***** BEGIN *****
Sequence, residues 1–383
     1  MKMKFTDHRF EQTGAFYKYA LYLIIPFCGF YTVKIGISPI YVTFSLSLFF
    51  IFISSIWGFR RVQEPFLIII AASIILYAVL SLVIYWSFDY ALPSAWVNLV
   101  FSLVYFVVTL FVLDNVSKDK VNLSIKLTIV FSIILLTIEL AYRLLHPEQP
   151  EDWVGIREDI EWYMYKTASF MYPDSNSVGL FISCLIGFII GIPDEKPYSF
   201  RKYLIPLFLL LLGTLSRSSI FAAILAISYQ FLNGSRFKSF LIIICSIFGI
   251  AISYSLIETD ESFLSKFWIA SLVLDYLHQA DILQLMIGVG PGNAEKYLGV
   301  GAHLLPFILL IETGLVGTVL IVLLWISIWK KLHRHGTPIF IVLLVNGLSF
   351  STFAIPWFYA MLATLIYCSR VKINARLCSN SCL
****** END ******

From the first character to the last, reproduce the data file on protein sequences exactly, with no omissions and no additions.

Sequence, residues 1–383
     1  MKMKFTDHRF EQTGAFYKYA LYLIIPFCGF YTVKIGISPI YVTFSLSLFF
    51  IFISSIWGFR RVQEPFLIII AASIILYAVL SLVIYWSFDY ALPSAWVNLV
   101  FSLVYFVVTL FVLDNVSKDK VNLSIKLTIV FSIILLTIEL AYRLLHPEQP
   151  EDWVGIREDI EWYMYKTASF MYPDSNSVGL FISCLIGFII GIPDEKPYSF
   201  RKYLIPLFLL LLGTLSRSSI FAAILAISYQ FLNGSRFKSF LIIICSIFGI
   251  AISYSLIETD ESFLSKFWIA SLVLDYLHQA DILQLMIGVG PGNAEKYLGV
   301  GAHLLPFILL IETGLVGTVL IVLLWISIWK KLHRHGTPIF IVLLVNGLSF
   351  STFAIPWFYA MLATLIYCSR VKINARLCSN SCL